Not in Kansas Anymore: on the (limited) value of rainbow-washing*

13 July 2021

By Eden Kaill

Do you remember the scene in the Wizard of Oz, when Dorothy steps out of her door and the world is transformed from monochrome to brilliant full colour? 

I feel like that’s what early June looks like on social media.  Suddenly, rainbows are EVERYWHERE. So many companies, Babin Bessner Spry included, change their logo to rainbows (I threw a little glitter on ours too, just to be Extra) and post a Happy Pride message.

And then on June 30, just as suddenly, they all fade back to business as usual. I’ve seen this phenomenon called “rainbow-washing”, and criticized as empty virtue-signalling: “a public expression of a moral viewpoint with the intent of communicating one's own good character” .

While I’m not someone who really understands what the problem is with signaling virtue (like being called a Social Justice Warrior, it sounds pretty awesome to be honest), I also understand why many in the LGBTQ2+ community, a community built on protest against injustice and oppression, would be frustrated by being treated as basically a PR opportunity.  Where are those rainbow-flag-waving companies when their queer employees are discriminated against? Where are the gender-neutral bathrooms?  Where are the inclusive hiring practices?  Etc., etc.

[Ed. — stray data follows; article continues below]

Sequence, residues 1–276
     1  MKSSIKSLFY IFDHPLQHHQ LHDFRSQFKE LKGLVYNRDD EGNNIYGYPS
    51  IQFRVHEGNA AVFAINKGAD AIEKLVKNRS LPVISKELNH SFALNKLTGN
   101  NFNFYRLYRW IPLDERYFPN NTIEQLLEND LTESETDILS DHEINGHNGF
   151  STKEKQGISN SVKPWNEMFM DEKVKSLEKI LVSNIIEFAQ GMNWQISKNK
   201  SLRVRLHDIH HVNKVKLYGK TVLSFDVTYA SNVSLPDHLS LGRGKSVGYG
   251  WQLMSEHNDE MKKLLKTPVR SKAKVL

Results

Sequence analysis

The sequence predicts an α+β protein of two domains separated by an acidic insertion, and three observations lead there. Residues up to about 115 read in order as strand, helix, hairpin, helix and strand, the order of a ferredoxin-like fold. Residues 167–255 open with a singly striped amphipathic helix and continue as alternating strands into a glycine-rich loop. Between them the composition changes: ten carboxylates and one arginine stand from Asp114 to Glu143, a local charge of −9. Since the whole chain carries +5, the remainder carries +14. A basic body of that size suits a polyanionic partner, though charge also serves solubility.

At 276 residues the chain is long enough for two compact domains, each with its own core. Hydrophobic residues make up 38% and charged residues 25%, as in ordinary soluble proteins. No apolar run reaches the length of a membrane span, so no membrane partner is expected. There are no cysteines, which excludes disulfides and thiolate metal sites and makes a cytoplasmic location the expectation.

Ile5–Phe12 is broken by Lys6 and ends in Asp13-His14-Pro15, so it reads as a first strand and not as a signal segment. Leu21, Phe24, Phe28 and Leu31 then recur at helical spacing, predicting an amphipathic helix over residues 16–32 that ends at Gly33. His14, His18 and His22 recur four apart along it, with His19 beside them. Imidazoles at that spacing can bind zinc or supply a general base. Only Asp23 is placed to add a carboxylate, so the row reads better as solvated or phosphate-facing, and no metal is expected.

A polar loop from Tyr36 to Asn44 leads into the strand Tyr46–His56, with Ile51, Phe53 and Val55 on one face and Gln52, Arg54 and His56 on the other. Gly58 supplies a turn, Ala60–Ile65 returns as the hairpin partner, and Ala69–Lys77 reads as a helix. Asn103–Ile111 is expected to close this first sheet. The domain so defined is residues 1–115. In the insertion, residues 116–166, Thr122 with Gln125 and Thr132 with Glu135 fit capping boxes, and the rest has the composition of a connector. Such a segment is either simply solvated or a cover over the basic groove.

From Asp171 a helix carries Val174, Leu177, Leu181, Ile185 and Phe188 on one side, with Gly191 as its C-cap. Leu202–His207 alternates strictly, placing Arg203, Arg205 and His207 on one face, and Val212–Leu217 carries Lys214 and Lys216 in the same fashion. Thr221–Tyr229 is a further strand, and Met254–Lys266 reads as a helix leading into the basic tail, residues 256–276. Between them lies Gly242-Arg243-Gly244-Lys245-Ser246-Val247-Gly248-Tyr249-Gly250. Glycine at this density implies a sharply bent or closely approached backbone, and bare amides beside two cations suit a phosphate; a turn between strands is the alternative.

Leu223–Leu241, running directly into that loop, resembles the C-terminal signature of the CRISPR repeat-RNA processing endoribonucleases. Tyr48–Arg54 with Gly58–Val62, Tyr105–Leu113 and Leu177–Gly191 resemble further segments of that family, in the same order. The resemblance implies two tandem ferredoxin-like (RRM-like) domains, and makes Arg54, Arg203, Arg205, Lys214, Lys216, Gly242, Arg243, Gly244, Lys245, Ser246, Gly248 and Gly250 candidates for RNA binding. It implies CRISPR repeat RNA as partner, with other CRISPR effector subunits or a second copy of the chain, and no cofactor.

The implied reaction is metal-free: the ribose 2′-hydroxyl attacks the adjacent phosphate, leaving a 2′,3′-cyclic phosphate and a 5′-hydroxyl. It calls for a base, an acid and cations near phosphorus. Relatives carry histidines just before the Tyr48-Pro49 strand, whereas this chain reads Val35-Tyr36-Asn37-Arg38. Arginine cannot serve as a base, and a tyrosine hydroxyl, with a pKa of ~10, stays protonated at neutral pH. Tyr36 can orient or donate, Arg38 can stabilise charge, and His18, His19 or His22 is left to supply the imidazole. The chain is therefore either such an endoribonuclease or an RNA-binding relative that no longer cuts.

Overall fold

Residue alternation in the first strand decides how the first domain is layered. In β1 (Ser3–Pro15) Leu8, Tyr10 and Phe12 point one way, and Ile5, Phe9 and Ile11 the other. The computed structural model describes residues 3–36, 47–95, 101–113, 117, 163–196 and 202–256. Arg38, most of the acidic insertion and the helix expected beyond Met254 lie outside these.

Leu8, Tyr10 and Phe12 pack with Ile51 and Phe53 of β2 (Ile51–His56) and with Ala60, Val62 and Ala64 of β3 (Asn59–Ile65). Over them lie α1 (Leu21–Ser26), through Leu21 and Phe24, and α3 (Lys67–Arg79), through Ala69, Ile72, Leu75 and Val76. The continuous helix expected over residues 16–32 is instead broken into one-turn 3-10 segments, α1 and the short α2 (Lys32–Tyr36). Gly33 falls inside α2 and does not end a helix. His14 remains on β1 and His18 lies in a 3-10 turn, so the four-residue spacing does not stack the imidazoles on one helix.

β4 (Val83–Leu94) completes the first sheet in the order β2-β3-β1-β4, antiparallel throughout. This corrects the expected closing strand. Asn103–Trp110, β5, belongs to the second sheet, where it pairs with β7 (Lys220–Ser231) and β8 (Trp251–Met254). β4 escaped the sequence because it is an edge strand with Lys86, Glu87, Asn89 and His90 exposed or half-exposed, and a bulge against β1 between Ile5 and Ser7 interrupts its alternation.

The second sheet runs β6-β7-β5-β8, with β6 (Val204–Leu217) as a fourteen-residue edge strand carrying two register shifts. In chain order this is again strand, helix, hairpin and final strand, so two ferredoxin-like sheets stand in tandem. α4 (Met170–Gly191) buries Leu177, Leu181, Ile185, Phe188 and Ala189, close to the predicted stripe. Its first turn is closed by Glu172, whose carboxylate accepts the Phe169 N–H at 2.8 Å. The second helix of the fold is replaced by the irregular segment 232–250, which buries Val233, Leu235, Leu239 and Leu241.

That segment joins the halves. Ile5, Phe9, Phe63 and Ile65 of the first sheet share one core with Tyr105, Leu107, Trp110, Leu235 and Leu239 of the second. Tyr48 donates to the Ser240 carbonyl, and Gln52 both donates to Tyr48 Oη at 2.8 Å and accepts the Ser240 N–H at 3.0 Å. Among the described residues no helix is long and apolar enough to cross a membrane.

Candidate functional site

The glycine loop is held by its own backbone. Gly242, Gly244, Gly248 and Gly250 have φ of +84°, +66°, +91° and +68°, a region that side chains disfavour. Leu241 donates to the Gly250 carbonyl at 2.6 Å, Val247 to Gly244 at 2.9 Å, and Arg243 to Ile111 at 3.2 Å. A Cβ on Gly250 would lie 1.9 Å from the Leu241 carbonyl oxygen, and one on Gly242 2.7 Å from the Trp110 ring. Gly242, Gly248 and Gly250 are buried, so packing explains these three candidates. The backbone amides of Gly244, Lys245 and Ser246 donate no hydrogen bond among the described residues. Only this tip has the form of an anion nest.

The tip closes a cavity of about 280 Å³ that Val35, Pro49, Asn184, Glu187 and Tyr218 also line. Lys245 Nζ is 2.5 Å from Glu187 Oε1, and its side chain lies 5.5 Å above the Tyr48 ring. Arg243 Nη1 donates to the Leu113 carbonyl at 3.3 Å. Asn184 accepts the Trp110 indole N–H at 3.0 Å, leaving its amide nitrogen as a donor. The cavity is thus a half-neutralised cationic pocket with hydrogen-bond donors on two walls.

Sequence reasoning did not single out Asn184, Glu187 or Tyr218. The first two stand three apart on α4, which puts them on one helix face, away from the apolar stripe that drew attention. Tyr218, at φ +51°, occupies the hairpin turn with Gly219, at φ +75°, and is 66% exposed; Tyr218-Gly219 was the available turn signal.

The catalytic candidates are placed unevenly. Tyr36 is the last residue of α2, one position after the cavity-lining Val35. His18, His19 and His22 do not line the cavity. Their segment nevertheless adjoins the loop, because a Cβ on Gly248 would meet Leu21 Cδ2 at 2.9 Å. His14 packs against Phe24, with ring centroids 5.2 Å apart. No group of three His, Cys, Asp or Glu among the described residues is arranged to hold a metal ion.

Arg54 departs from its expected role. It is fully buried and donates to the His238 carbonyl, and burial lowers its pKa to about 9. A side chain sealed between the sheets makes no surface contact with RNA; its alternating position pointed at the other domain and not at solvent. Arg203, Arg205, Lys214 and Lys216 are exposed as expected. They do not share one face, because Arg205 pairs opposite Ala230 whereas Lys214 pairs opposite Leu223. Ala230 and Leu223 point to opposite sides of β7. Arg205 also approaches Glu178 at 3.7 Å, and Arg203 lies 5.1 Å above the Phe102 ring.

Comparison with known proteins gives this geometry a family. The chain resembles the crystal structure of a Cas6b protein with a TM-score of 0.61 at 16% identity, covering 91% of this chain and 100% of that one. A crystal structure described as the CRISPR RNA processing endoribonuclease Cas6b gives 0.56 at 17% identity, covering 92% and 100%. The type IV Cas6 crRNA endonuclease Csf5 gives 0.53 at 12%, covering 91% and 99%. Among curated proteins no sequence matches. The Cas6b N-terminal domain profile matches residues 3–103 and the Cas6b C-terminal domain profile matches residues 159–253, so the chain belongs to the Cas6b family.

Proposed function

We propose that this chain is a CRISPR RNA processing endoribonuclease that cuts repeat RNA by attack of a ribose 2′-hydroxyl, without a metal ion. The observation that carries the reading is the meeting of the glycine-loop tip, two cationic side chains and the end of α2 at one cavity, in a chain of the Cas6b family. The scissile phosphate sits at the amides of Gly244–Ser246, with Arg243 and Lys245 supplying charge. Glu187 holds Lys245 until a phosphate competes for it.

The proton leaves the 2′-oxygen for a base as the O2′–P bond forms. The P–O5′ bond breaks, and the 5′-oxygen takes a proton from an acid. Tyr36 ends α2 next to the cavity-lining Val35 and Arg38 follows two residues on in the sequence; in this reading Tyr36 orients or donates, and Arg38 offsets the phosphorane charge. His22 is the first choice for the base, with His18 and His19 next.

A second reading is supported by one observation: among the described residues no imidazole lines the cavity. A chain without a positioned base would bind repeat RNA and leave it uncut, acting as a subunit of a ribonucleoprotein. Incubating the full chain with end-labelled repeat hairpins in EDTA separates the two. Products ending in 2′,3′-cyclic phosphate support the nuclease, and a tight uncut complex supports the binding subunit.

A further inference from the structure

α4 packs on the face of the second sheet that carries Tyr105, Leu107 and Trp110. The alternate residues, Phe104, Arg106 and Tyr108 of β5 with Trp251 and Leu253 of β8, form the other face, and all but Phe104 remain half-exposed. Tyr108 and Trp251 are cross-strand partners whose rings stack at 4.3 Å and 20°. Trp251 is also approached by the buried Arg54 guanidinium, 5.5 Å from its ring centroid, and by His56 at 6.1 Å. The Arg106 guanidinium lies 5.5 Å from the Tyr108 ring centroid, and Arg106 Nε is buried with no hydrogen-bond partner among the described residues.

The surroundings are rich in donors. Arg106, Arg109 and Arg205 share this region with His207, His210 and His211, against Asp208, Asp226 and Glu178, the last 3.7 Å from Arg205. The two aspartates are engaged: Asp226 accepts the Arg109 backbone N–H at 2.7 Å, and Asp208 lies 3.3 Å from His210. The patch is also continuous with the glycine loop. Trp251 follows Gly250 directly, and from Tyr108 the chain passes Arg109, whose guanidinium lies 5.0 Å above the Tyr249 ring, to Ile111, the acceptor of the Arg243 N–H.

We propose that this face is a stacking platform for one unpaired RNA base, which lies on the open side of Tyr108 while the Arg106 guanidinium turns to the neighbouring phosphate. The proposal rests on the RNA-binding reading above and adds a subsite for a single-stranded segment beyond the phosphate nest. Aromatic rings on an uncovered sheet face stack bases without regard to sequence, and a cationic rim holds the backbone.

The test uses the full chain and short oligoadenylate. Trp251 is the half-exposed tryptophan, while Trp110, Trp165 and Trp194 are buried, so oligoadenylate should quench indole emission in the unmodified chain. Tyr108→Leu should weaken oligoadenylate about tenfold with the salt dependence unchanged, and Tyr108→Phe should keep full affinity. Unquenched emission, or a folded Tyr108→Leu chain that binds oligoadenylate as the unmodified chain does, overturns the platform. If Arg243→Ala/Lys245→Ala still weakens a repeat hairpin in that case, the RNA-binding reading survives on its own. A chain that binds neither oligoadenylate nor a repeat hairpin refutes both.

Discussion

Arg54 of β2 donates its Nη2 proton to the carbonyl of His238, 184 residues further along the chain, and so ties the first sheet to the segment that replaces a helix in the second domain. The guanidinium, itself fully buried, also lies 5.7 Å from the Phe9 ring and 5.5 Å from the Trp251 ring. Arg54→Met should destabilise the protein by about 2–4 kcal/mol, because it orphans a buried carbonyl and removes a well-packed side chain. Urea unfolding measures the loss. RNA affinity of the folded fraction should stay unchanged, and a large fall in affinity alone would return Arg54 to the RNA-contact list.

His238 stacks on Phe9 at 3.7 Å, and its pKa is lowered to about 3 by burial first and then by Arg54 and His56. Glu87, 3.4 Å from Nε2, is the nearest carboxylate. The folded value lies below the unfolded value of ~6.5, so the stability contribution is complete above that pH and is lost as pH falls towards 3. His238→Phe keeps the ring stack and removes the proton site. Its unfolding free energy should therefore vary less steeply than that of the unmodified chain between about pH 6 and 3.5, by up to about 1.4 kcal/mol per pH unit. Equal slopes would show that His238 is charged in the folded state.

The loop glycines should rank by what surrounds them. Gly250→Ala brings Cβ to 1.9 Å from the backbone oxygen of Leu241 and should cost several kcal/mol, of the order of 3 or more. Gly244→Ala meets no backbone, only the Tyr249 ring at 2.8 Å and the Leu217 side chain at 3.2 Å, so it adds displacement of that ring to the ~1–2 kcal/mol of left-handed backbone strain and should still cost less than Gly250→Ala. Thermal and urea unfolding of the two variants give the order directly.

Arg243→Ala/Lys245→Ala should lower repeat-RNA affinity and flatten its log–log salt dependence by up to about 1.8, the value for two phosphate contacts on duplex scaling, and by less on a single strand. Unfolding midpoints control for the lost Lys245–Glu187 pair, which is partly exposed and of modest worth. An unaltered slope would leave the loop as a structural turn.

But is it possible there is some value in simply declaring “Happy Pride” and doing nothing concrete to support the LGBTQ2+ community?  My answer is…not much, but also not nothing.  Of course it means more when a company puts their practices and policies where their Twitter is. If rainbow-washing is the only queer-friendly move they make, it’s weak, but I’m hesitant to say they shouldn’t do it.

The thing is, I can’t help but find it thrilling that it’s now broadly considered a good PR move to enthusiastically celebrate Pride. It’s one of those complicated victories, like when being environmentally responsible becomes cheaper than polluting. At least in Canada, a company is going to get more accolades than condemnations for putting up a Pride flag. That shouldn’t be why they do it, but realistically that’s sometimes going to be the reason for progress. The motivation sucks, but the context is hopeful and the result is good. Or at least, better. That scene in the Wizard of Oz changed everything, and I like to think rainbow-washing is a sign of that kind of fundamental change.

Sometime soon we’ll go back to our regular logo.  It’s time to ask ourselves what we are going to do to make sure the rainbow wasn’t an empty gesture.

 

*Author's note: I had a moment, when I sat down to write this, of wondering if I’m Queer Enough to take a public-facing position on rainbow-washing. This is a pretty common worry for queer cisgender women who sometimes date men, and I’ve decided to ignore it.

 


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